I find the frame especially endearing. I don’t know where the frame came from, but Mom put this photo of her mom in it. Grandma loved blue (or was it pink?—actually, maybe it was pink!), so I’m sure she would have liked it. All the flowers are made with little pieces of glass*; I forget what the technique is called. Hmm. Maybe Grandma herself got the frame in Europe, perhaps Italy (it’s small, maybe 2 x 3.5 inches). I’ll have to ask Mom next time I’m with her.

* Are the glass pieces tesserae as on the piece we saw last year at the Corning Museum? Does that make the frame decoration a mosaic or micromosaic?

Plant periodicity


I took this picture last spring, in northwest Georgia. I think it’s wheat. I guess that would make it…winter wheat. I think.

Dated date


Archaeologists commonly monitor pollen types in sealed (buried) horizons—well, if the project has sufficient funding for it. From the pollen, you can discern things about the climate, the season the material was buried, etc. Only in unusual circumstances do we find seeds. Archaeologists found date palm seeds at Masada (yes, the fortress built by Herod around 35 BC and destroyed by the Romans in AD 73), and one is now three years old and more than three feet tall! (Science link, too.)

Grad students…


Have you ever heard of Paul Otlet? I hadn’t. This NYTimes story by Alex Wright is fascinating.

Otlet (pronounced ot-LAY—French, right?) lived in the early 20th C and envisioned a global network (réseau) “that joined documents using symbolic links.” Of course, at his Mundaneum, begun in 1895 in Mons, Belgium, all he had were (clumsy) analog machines, which became bogged down in all the paper (index cards; Really!) he used to store the data. He toyed with this problem, eventually deciding “the ultimate answer involved scrapping paper altogether.” Sound familiar?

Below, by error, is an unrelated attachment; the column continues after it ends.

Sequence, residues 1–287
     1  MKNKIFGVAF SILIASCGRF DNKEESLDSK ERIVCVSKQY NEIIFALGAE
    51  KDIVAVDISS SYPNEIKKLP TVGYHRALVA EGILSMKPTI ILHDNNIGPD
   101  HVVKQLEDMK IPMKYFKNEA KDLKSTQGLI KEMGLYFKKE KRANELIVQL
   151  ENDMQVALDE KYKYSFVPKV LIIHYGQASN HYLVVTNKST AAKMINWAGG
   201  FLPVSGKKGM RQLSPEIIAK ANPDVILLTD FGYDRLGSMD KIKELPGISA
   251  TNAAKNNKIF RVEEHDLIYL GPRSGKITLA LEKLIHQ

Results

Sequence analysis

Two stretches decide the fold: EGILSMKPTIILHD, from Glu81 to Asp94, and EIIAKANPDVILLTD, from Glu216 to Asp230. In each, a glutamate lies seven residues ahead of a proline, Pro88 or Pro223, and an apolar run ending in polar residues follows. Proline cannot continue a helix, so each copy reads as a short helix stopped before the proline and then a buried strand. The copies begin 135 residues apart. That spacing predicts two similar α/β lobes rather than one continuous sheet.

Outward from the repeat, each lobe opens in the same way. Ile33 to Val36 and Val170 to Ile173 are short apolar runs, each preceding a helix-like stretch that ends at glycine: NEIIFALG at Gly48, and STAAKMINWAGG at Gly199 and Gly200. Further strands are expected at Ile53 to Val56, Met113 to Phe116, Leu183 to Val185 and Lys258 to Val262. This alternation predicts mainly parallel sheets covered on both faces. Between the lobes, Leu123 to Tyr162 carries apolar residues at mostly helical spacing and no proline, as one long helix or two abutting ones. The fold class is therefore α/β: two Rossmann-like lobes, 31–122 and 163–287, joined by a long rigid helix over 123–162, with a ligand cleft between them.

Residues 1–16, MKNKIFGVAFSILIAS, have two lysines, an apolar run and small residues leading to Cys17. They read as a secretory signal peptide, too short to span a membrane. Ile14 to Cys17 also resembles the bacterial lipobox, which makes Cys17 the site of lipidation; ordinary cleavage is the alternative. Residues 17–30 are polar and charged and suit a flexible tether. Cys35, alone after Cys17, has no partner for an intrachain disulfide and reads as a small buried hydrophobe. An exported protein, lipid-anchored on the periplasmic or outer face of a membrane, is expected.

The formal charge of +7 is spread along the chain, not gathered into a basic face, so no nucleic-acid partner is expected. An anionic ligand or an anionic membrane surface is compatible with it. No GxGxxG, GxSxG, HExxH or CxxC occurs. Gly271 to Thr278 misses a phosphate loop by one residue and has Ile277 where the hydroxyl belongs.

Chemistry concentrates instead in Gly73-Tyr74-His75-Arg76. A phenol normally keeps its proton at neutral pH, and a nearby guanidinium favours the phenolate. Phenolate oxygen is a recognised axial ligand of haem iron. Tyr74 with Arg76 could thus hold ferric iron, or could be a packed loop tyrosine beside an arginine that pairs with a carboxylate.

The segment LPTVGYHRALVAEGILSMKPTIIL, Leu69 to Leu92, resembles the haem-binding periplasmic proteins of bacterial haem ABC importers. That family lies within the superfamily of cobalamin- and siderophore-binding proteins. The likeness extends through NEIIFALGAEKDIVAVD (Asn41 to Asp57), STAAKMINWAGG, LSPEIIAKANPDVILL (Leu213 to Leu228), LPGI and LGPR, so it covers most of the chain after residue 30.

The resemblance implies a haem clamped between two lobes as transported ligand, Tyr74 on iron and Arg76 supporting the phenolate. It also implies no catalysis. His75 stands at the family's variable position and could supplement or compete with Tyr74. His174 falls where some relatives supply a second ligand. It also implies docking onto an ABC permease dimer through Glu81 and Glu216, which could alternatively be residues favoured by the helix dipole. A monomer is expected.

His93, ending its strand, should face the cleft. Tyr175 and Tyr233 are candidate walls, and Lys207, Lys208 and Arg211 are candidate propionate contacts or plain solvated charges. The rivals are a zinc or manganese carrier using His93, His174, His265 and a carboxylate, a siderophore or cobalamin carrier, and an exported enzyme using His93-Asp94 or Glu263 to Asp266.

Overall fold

The Nazis came through Belgium in 1939, and destroyed many of the boxes of index cards. Poor Otlet died in 1944. Some cards survived, however, and a young grad student rediscovered them in 1968, and has lead a (long, slow) resurgence of interest in Otlet’s work.

Today, the new Mundaneum reveals tantalizing glimpses of a Web that might have been. Long rows of catalog drawers hold millions of Otlet’s index cards, pointing the way into a back-room archive brimming with books, posters, photos, newspaper clippings and all kinds of other artifacts. A team of full-time archivists have managed to catalog less than 10 percent of the collection.

The archive’s sheer sprawl reveals both the possibilities and the limits of Otlet’s original vision. Otlet envisioned a team of professional catalogers analyzing every piece of incoming information, a philosophy that runs counter to the bottom-up ethos of the Web.

And the picture? Oh, that’s from years and years ago when I was over in Athens working on my Master’s and an undergraduate in a journalism photography class recruited my friend Adam and me to do some jumping for one of her assignments, so she could get some action shots. À la covering a basketball game, I assume. We did so much jumping we got a bit silly.

Bronze babe


I thought I’d do a somewhat historical post today, so I did a search through our well-over 30K digital pictures and only one had been taken on a June 16th. And that’s since 2002!

So I needed another idea. This photo’s from Piedmont Park earlier this spring. Pensive. I like the mood.

Not a particularly good snapshot, I know….

Scaling life*


JCB brought home this miniature (aka toy), although the body shop says we’ll have the Prius back “like new” this week….

* After all, at what scale does life play out? Some ideas under Phase 2/Braudel heading here….